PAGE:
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Germany braces for more snow as extreme winter weather causes travel chaos

Blizzards and very low temperatures have caused chaos in parts of Germany over the weekend. And more is forecast this week.

Germany braces for more snow as extreme winter weather causes travel chaos
A snowy scene in Erfurt Thuringia early on Monday morning. Photo: DPA

After the severe onset of winter in many regions of Germany over the weekend, extreme weather is expected to continue on Monday.

On Sunday night, the German Weather Service (DWD) warned of heavy snowfall with around 10 to 25 centimetres of fresh snow expected in the first half of the day in the centre of Germany.

Northeast Hesse, Thuringia, Saxony and Saxony-Anhalt are particularly affected. A warning for heavy snow was issued on Monday for these areas. Other states are affected by very low temperatures, ice and snowfall too, including Berlin and Brandenburg.

As this tweet by DWD shows, temperatures dropped sharply overnight, with the lowest recorded at the Brocken. in the Harz mountain range in Saxony-Anhalt, with -16C.

Federal Transport Minister Andreas Scheuer, of the conservatives, advised people in Germany affected by the snow chaos to stay at home at the beginning of the week.

READ ALSO: Weird weather – temperatures between -7C and up to 20C expected in Germany

Drivers stuck in snow

The snow has resulted in trucks and cars becoming stuck in traffic jams on Germany's Autobahn network for several hours, while gritting vehicles cannot get through.

On some stretches of road, especially in the centre and east of the country, there's been chaos with huge traffic jams.

On Monday morning lorries were stuck on the Autobahn after after heavy snowfall, including in the north and east of Hesse on the A4 and A7.

“The situation is catastrophic,” said a police spokesman in Fulda in the morning. In some places, trucks and cars were stuck in traffic jams for over six hours.

Authorities have warned people against travel in affected regions, and have urged lorry drivers not to drive on the Autobahn.


Lorries stuck near Gera on Monday. Photo: DPA

Disrupted rail services and cancellations

“Snow and ice will continue to affect local and long-distance DB traffic in large parts of the country on Monday,” rail operator Deutsche Bahn said. Travellers have been asked to “use DB's numerous information channels to find out about their connection before setting off”.

DB offered refunds for people affected by cancelled services, or a chance to rebook the journey.

A heavy blizzard caused traffic chaos in parts of Germany on Sunday. In some places, more than 30cm of snow fell, in addition to drifts. The police and fire brigade were called out several times.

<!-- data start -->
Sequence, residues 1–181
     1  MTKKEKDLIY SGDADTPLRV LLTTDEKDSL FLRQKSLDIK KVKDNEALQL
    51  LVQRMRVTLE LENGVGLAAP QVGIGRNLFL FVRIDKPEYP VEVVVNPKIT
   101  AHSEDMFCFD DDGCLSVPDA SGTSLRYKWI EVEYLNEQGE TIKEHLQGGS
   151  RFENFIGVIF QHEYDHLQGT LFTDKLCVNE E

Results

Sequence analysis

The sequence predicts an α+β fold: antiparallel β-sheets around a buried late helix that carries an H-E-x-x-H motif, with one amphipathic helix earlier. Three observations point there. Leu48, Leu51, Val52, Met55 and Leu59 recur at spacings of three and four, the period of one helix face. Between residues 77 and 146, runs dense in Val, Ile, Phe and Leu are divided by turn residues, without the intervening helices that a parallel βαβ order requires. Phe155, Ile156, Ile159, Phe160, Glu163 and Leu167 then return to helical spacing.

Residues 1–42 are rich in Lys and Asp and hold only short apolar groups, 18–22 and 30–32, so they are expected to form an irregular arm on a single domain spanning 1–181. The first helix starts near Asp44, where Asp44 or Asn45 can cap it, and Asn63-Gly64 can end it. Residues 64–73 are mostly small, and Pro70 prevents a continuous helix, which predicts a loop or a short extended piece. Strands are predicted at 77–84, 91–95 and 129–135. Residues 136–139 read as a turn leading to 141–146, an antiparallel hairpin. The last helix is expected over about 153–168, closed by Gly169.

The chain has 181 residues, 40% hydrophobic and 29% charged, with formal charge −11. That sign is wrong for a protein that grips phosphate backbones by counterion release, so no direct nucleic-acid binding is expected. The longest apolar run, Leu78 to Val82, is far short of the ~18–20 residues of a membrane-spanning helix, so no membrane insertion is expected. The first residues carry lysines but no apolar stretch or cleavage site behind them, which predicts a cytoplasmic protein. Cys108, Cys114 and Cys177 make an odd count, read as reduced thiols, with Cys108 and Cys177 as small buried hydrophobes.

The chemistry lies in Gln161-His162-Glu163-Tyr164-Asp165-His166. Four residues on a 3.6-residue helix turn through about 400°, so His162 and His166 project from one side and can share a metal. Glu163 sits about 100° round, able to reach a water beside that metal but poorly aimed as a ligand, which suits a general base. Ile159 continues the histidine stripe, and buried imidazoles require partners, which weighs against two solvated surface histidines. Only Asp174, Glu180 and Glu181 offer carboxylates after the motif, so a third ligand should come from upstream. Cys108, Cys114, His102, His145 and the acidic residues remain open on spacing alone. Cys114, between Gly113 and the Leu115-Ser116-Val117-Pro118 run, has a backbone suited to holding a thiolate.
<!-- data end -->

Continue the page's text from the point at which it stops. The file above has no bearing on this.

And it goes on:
There were major restrictions on regional and long-distance rail services, while a Bundesliga football match had to be cancelled.


The DWD had last week warned of a winter weekend of extremes, with the lower half of the country seeing mild temperatures, and the northern half experiencing extreme winter weather.

On Saturday it remained fairly calm. As a precaution, all long-distance trains between Hamburg and Kiel, Hamburg and Lübeck and between Hamburg and Westerland were cancelled over the weekend

READ ALSO: What happened in Germany's catostrophic winter of 78/79?

On Sunday, however, weather chaos set in. Here's a rundown of some major incidents across the country so far:

– The police had to close icy roads and there were hundreds of accidents. Trains were cancelled due to frozen overhead lines. As we mentioned above, cars and trucks have been getting stuck in deep snowdrifts.

– A train with about 25 passengers was stranded at the Hundertwasser railway station in Uelzen, Lower Saxony. Rescue workers from the German Red Cross (DRK) arrived late on Sunday to provide the passengers with blankets and hot drinks. The passengers were not able to continue their journey until Monday morning.

– In Thuringia, a family of three got their car stuck in the snow. According to police, the vehicle came to a standstill near Sömmerda on Sunday evening. The family tried for hours to free the car from the snow and finally dialled the emergency services around midnight. The parents and their seven-year-old daughter had to be rescued by the fire brigade and were taken to an emergency shelter.

An icy train in Hanover, Lower Saxony. Photo: DPA